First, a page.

The next graph shows file transmission times.  You can see that as the size of the file increases, the actual time of the transfer decreases a lot.  So transferring a 112kb file at 1200 baud takes about 19 minutes but the same file at 9600 baud is slightly more than 4 minutes.  That is a significant increase.  But smaller files show no big different due to the AX.25 protocol and how it works.

Yes, 9600 is a LOT faster for very large data payloads such as Winlink, classic BBS work, etc.  The critical point here is maximum payload sizes to lower the ratio of payload to AX.25 frame overhead.


The only difference in parameter settings between the two 9600 baud attempts was changing the TXDelay from 500ms to 200ms.  Some further tuning would yield better results.

Imagine what you would see if you had a pair of legacy Tekk radios that support 20ms! 


When I have some more time, I'd like to compare this with the Nino TNC working in FEC mode at 9600 baud.  It should be faster without having to deal with too many packet rejects and retransmissions.  Perhaps someone else could do it as my experimenting time is limited.

Yes.. I'd be really curious too though I'm curious how this new IL2P FEC mode would compared to say FX.25. 


From my perspective of sending email, the Winlink B2 protocol automatically compresses all text in an email before sending.  This can makes sending email very fast.  A 10 or 20k email goes in just a few seconds.

I've always been disappointed that AX.25 TNCs never supported any form of compression.  Many of the better analog dial-up modems back in the day had MNP4/5 compression which made a MASSIVE difference for many types of traffic.  Overall, the B2 protocol is a lot better than nothing but it's far from state of the art.  This URL is an interesting short read: http://www.danplanet.com/blog/2009/11/09/winlink-1988/ ) and I'm also surprised that big programs like RMS Winlink hasn't attempted to modernize the compression part of their program as I bet a lot more speed can be found.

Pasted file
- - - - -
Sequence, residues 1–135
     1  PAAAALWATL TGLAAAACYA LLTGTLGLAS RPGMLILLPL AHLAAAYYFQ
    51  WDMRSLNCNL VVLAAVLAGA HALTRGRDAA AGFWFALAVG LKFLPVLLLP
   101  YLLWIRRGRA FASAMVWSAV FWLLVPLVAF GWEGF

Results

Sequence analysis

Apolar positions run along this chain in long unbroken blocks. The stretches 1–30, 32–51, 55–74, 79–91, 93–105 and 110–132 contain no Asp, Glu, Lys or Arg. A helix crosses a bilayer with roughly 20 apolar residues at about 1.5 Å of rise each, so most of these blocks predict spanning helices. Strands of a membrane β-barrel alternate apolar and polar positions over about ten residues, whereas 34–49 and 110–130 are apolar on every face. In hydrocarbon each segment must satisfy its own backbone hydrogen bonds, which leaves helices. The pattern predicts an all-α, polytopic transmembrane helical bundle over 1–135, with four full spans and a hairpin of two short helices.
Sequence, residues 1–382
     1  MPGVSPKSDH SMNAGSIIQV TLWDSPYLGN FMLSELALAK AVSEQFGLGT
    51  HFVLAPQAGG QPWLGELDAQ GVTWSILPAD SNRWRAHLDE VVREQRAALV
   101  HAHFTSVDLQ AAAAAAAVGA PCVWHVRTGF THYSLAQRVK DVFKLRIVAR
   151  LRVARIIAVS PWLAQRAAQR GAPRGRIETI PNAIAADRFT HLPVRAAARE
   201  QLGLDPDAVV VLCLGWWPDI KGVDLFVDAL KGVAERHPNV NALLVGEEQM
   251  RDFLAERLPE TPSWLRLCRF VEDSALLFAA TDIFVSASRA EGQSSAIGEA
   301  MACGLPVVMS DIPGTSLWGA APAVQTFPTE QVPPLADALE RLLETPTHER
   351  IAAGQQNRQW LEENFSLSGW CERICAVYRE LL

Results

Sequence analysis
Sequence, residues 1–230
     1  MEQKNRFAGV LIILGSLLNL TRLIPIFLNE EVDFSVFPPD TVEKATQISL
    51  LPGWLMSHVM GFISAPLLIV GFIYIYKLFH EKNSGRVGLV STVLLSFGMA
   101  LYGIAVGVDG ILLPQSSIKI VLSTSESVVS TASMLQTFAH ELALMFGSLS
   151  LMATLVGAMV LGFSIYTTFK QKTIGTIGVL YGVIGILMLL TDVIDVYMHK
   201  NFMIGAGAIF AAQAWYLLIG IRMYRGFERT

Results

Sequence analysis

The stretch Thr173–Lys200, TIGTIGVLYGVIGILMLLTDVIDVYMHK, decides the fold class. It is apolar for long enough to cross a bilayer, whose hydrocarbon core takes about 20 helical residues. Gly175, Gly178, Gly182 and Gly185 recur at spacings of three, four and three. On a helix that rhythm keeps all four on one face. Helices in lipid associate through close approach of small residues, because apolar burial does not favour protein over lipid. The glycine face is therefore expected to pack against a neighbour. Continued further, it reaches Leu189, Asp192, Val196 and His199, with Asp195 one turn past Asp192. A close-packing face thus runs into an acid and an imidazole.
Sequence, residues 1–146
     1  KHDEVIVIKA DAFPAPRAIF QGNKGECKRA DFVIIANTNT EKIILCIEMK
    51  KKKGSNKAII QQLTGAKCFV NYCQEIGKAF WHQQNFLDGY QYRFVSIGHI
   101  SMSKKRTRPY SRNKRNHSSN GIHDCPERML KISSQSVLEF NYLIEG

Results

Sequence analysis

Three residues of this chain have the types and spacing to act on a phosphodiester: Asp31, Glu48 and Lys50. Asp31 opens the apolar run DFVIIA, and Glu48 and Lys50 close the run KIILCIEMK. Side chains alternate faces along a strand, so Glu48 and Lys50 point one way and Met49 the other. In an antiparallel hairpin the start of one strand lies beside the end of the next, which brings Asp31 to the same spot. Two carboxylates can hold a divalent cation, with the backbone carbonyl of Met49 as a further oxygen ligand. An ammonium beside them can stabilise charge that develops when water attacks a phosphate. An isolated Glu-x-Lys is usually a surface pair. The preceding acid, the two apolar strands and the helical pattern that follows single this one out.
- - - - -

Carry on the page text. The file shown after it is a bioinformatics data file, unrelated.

--David
KI6ZHD


David Ranch
 


Pierre,

I would love to try out HNAP but it currently doesn't support any real RF power levels (required for real world deployments).  I understand that's being worked on but it's also not legal in the US as it's 200Khz minimum bandwidth and symbols/sec rates on 70cm are not allowed per the FCC.  Maybe it could be used on the 23cm band but the propagation and creating real RF power for that band is a lot more difficult than 70cm.

--David
KI6ZHD



On 10/20/2020 11:28 AM, Pierre Martel wrote:
Guys, you should take a look at the implementation of high speed communication on the 70 cm band.

With 2 pluto sdr (running linux) you can establish a high speed link that runs tcp-ip stacks. But that is not the only thing. the pluto-sdr is able to run the same code on the 33cm band, same as 23cm. 

Some people are testing what would be the feasibility of doing a cross band packet network with a central node on 70 cm and a client on 33 cm.  

That fix a lot of the problem of fast or slow switching of radio as the pluto-sdr is a full duplex radio. with separate tx and rx port. It is also possible to put a RF amplifier at the TX side to have a bit more punch and since the tx side dont need to be switched on/off the speed in not impeded at all. 

Pierre
VE2PF




Le mar. 20 oct. 2020 à 12:00, David Ranch <rpi4hamradio-groupsio@...> a écrit :

Hello Mark,

I've done lots of testing and with proper parameter setting was able to get slightly more than 4 times the speed of 1200 baud.  Here are the graphs.  Below, two tests at 9600 baud compared to 1200 with the fastest 9600 baud achieving almost 3600 bps.  Notice, of course, that 1200 baud is actually lots less than 1200 bps due to the overhead of the AX.25 protocol.  You only get an actual 700-800bps.